What Are Bowling Balls Made Of

What are bowling balls made of?

Bowling is a popular indoor sport enjoyed by millions of people worldwide. The sport involves rolling a heavy ball down a narrow lane to knock down as many pins as possible. Bowling balls are an essential piece of equipment in the sport, and their composition plays a critical role in the performance of a bowler.

Bowling balls are typically made of a combination of materials, each serving a specific purpose. These materials include the core, coverstock, and weight blocks, which work together to provide the desired ball motion and speed. This article will explore the various materials used in making bowling balls and their functions. Understanding these materials is crucial for selecting the right ball for your playing style and achieving optimal performance on the lanes.

The Core

The core of a bowling ball is the central part of the ball that affects its motion and stability as it rolls down the lane. It is typically made of high-density material and is responsible for the ball’s weight and balance. The shape and size of the core play a significant role in the ball’s performance.

Bowling ball cores can be divided into two main categories: symmetrical and asymmetrical. Symmetrical cores are evenly shaped and are designed to produce a predictable and smooth roll. On the other hand, asymmetrical cores have an irregular shape and are engineered to create a more dynamic and versatile ball motion.
The materials used for the core of a bowling ball can vary, but some of the most common materials include polyurethane and resin.

Polyurethane cores are softer and more flexible than other materials, which makes them great for creating a high hook potential. Resin cores, on the other hand, are stiffer and provide more stability and control.

Overall, the core of a bowling ball is a critical component that affects the ball’s performance and can make a significant difference in a bowler’s game. When selecting a ball, it’s essential to consider the type of core and material used to ensure the ball matches your playing style and preferences.

The Coverstock

The coverstock is the outermost layer of the bowling ball that makes contact with the lane. It is responsible for the ball’s friction and grip, determining its motion and hook potential. The coverstock also protects the ball’s core from damage.

Bowling ball coverstocks can be made of various materials, including polyester, resin, urethane, etc. Each material has unique properties that affect the ball’s performance.

Polyester coverstocks are the most basic and affordable option, providing minimal hook potential and a straighter ball motion. They are ideal for beginner bowlers or those looking for a spare ball.

Resin coverstocks, also known as reactive coverstocks, are designed to increase the ball’s hook potential and provide greater angularity down the lane. They are typically more expensive than polyester balls and are preferred by more experienced bowlers.

Urethane coverstocks balance polyester and resin coverstocks, offering moderate hook potential and a smoother ball motion. They are popular among bowlers who want more control over their ball’s motion.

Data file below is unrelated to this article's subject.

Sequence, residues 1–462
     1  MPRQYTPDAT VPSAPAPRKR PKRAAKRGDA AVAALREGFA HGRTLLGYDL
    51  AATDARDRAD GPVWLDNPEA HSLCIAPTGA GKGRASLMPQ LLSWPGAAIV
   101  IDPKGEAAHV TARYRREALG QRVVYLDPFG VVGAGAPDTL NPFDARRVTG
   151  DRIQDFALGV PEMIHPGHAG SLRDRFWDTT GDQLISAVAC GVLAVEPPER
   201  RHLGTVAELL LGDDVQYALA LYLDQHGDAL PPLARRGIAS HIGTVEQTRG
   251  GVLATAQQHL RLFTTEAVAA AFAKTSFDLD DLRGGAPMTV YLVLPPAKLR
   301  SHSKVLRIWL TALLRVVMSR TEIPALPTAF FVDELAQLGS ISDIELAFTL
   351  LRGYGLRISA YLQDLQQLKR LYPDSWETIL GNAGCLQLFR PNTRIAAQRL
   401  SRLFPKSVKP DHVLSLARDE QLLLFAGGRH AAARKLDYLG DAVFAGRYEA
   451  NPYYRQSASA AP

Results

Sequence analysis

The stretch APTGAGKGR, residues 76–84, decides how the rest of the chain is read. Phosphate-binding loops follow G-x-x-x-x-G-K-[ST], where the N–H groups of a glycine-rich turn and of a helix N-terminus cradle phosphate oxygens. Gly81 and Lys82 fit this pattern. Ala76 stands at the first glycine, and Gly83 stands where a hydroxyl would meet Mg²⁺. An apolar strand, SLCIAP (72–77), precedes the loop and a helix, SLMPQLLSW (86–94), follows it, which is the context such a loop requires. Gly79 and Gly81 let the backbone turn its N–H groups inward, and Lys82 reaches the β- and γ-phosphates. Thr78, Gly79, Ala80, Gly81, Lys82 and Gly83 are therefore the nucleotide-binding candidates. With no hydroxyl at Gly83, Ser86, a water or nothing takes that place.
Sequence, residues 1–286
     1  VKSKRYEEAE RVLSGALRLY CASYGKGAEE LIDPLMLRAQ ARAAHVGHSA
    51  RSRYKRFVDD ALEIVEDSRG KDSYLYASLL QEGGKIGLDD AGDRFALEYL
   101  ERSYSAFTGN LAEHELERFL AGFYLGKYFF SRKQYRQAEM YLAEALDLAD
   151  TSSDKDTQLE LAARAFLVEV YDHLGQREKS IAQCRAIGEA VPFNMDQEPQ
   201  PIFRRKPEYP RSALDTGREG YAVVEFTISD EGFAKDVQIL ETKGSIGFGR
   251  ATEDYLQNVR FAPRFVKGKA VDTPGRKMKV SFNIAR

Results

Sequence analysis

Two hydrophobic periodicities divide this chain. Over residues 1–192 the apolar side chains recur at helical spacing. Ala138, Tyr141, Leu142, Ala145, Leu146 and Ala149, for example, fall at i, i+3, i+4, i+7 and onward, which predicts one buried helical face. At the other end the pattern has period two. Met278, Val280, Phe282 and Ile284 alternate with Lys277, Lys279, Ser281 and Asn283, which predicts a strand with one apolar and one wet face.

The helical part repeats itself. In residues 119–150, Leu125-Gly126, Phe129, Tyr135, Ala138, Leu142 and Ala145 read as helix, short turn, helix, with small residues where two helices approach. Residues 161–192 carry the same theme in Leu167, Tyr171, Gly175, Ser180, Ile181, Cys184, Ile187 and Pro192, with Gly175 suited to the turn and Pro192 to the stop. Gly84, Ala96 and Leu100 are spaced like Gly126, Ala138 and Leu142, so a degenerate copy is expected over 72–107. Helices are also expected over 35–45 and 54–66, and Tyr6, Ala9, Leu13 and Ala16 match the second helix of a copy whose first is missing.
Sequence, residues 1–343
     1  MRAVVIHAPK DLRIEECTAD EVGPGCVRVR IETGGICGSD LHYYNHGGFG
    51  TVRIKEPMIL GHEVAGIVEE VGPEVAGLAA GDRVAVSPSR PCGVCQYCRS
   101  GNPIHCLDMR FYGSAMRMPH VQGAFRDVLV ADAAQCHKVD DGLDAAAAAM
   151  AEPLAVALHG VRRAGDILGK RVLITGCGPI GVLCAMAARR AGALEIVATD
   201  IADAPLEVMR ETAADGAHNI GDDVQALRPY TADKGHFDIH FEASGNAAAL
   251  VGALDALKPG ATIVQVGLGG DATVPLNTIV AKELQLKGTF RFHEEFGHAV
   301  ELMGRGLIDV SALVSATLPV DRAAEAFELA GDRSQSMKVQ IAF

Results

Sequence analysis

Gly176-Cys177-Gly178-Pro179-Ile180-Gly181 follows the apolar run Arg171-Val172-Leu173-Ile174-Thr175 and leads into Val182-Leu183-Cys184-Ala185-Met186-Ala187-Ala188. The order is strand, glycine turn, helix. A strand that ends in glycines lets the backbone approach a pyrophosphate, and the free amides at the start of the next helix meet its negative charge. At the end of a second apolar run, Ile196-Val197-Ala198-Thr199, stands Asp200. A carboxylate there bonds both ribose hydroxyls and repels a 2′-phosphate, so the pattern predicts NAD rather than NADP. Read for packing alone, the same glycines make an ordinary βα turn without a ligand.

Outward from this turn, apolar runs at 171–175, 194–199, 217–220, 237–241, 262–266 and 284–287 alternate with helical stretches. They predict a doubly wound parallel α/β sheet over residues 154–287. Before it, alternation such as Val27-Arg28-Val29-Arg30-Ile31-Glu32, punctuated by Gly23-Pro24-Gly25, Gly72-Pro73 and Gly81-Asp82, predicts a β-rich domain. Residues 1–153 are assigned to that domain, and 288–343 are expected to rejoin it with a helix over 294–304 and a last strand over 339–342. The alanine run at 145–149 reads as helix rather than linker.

Weight Blocks

Weight blocks are internal components located within the core of a bowling ball. They are designed to affect the ball’s center of gravity and overall weight distribution, which can significantly impact its motion and hook potential.

The function of weight blocks in bowling balls is to control the ball’s RG (radius of gyration) and differential, which are measurements of the ball’s mass distribution. A higher RG produces a ball with a later hook, while a lower RG creates an earlier hook. Differential measures the difference in RG between the ball’s x and y-axis, creating an asymmetrical ball motion.

There are two main types of weight blocks: high mass and low mass. High-mass weight blocks are larger and heavier, producing more overall ball weight and stability. They are typically used in heavier oil conditions or for bowlers with slower ball speeds. On the other hand, low-mass weight blocks are smaller and lighter, providing faster ball speeds and greater angularity down the lane. They are ideal for bowlers with faster ball speeds or in dry lane conditions.

The materials used for weight blocks vary, but some common materials include ceramic and tungsten. Ceramic weight blocks are dense and heavy, producing more overall ball weight and stability. Tungsten weight blocks are also heavy but have a smaller profile, allowing them to be placed strategically within the ball’s core.


In conclusion, bowling balls are made of materials that affect their weight, balance, motion and hook potential. The core, coverstock and weight blocks are all critical components that can significantly impact the ball’s performance.

Different materials, such as polyurethane, resin, urethane, polyester, ceramic, and tungsten, are used for the various components of a bowling ball, each with unique properties that affect the ball’s motion and hook potential.

Choosing the right materials for your bowling ball is essential to ensure that it matches your playing style and lane conditions. Whether you’re a beginner or an experienced bowler, selecting a ball that suits your needs and preferences can significantly impact your game.

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